There's no magic behind the spell "Ricky Jay & His 52 Assistants" has cast on each of the ticket buyers lucky enough to get a seat during this two-month sold-out run at the Second Stage Theater. It's talent, pure and simple: Mesmerizing, unabashed talent that presents sleight of hand as the adult art form it is.
There’s no magic behind the spell “Ricky Jay & His 52 Assistants” has cast on each of the ticket buyers lucky enough to get a seat during this two-month sold-out run at the Second Stage Theater. It’s talent, pure and simple: Mesmerizing, unabashed talent that presents sleight of hand as the adult art form it is.
Jay, a heavy-set, bearded man with a soft-spoken manner that hints at dark secrets, commands his 52 assistants — a deck of cards, of course — to perform in ways that truly defy description. It’s not so much that one can’t figure out his tricks — that goes without saying — but one can’t even quite grasp his intentions until he lays his cards on the table, so to speak. This is one performer who is always four or five exhilarating steps ahead of his audience.
Without relying on the New Wave humor of Penn & Teller, much less the Vegas bombast of other rabbit pullers, Jay recalls, in his stories and tone, the back-alley cheats and riverboat gamblers that employed similar “artifice, ruse and subterfuge” at the gaming tables. As he shuffles, deals and works his wonders, he weaves in historical arcana, poetry, personal anecdotes and audience banter, all in a compelling style that blends the bravado of a sideshow barker with the relaxed intensity of a first-rate professor.
No wonder, then, that Jay attracted the attention of playwright/director David Mamet, who first used Jay’s skills in his 1987 movie “House of Games.” Acting here as director, Mamet understatedly guides Jay through two hours of card tricks and other sleight-of-hand maneuvers, seeming to contribute more in mood than theatrics.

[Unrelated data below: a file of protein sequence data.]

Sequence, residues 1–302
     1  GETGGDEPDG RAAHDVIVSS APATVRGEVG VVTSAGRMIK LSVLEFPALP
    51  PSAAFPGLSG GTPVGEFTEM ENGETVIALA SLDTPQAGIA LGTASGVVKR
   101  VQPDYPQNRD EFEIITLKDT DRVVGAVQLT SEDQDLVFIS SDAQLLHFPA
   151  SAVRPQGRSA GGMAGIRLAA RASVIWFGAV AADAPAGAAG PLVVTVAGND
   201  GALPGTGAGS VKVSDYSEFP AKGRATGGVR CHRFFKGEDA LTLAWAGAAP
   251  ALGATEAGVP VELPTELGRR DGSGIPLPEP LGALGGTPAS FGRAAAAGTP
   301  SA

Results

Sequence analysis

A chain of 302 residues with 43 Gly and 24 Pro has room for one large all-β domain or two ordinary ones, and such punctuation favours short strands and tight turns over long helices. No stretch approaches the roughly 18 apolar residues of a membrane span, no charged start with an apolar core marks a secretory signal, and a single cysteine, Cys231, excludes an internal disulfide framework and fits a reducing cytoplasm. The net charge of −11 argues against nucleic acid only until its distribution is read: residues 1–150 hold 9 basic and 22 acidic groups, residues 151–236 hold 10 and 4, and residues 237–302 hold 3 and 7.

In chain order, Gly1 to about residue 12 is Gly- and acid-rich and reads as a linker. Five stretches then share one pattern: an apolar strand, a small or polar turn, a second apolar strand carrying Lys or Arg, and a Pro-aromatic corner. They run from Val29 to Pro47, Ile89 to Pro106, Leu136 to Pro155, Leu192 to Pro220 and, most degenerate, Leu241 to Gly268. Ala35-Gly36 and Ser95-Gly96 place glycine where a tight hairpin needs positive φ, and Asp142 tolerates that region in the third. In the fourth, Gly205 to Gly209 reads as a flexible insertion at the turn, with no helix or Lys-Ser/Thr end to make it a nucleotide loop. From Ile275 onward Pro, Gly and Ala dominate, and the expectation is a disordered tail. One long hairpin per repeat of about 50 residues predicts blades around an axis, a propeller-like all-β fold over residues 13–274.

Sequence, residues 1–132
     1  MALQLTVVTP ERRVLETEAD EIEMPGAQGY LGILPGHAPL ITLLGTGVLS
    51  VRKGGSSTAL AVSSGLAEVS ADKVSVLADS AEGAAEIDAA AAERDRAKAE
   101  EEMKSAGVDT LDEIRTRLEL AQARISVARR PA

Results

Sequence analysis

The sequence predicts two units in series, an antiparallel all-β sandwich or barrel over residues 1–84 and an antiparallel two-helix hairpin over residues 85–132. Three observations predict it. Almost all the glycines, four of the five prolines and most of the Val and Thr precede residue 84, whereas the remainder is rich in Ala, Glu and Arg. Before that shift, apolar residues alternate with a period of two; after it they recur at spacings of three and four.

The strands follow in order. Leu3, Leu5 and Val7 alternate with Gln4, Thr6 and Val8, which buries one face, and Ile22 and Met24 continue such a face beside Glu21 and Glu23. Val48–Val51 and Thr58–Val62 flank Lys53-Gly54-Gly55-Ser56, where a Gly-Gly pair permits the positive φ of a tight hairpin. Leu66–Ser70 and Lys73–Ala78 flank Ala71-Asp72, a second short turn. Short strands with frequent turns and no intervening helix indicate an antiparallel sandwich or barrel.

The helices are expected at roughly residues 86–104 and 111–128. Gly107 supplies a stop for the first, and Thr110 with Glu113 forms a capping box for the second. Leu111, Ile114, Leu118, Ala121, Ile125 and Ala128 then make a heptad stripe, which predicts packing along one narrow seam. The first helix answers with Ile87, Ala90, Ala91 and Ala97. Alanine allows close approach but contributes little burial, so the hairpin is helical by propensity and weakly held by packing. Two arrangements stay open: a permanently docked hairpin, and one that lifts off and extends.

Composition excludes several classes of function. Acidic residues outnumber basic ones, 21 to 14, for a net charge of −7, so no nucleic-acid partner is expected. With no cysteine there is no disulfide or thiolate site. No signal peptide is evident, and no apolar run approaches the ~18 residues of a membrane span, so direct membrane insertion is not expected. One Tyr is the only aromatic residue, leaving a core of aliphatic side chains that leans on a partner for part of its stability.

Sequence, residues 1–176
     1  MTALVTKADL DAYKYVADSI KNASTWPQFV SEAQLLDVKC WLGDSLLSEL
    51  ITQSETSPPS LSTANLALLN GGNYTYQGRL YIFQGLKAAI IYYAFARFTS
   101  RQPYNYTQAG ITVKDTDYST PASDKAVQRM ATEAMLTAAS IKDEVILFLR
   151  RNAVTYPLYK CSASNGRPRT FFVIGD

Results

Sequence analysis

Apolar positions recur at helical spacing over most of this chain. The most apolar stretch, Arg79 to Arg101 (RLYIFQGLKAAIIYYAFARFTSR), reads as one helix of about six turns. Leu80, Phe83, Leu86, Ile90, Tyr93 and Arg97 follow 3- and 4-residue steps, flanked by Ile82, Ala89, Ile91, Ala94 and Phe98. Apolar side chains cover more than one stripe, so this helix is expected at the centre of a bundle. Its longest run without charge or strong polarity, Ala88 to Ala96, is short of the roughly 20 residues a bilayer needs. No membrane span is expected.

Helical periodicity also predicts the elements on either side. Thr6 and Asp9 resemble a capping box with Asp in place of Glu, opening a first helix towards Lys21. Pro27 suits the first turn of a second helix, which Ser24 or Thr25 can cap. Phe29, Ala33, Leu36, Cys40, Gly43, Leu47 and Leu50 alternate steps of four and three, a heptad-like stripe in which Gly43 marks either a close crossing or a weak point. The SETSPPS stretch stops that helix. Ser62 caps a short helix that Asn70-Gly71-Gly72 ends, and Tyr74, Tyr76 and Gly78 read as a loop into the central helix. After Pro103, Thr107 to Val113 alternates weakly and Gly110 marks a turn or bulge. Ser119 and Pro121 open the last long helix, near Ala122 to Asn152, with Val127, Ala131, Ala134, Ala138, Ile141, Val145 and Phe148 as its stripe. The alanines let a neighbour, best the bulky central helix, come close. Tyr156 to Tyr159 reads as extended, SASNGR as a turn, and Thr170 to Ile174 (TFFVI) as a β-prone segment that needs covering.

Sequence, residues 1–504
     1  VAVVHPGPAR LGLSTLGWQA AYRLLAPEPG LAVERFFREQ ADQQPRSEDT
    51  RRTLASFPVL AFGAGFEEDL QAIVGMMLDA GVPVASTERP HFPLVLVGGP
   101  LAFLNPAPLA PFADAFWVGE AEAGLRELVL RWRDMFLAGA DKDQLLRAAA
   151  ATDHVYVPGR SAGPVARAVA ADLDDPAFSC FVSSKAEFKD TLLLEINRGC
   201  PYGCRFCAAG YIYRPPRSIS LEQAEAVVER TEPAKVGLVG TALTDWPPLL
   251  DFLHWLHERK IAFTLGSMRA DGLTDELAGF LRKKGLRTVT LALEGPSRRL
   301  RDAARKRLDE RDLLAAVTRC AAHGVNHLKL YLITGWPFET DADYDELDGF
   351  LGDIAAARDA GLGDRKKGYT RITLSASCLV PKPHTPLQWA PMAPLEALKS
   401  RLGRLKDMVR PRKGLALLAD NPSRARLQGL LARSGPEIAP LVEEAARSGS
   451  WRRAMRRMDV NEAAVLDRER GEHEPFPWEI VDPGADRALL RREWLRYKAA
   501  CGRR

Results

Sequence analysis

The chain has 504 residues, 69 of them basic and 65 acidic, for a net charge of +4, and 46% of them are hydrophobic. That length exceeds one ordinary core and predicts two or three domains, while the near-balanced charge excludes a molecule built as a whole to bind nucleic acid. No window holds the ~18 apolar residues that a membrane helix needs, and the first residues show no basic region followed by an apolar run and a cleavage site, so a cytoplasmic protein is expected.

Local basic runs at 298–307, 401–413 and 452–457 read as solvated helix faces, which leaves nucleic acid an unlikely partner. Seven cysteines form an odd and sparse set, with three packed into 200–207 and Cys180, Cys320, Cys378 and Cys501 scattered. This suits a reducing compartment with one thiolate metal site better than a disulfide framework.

Jay takes his audience through a crash course in con artistry, demonstrating such hallowed ruses as card stacking and false dealing, along with tricks as familiar as three-card monte and as obscure as a 19th-century treat called “Everywhere and Nowhere.” He involves willing audience members throughout. Second act is a bit lighter in tone and substance, and includes broader gags like flinging, lightning-fast, cards that decapitate a plastic duck or penetrate a watermelon rind. Although Act 2 features a lovely bit with an antique “automaton”– a mechanical sideshow doll — that is as baffling as it is charming, the production could benefit by losing the intermission, cutting a segment or two, and going as a 90-minute one-act.
The production itself, though, is first-rate, with worthy contributions from top technicians. No doubt jumping at the chance to work with this artist, Broadway lighter Jules Fisher brings an appropriately moody ambiance to the small Second Stage, and Kevin Rigdon’s Victorian gaming room set is note-perfect.
Only trick still to be seen is how they’ll transfer this intimate show to a larger stage, a deserved and likely move. Jay will, no doubt, make it seem effortless.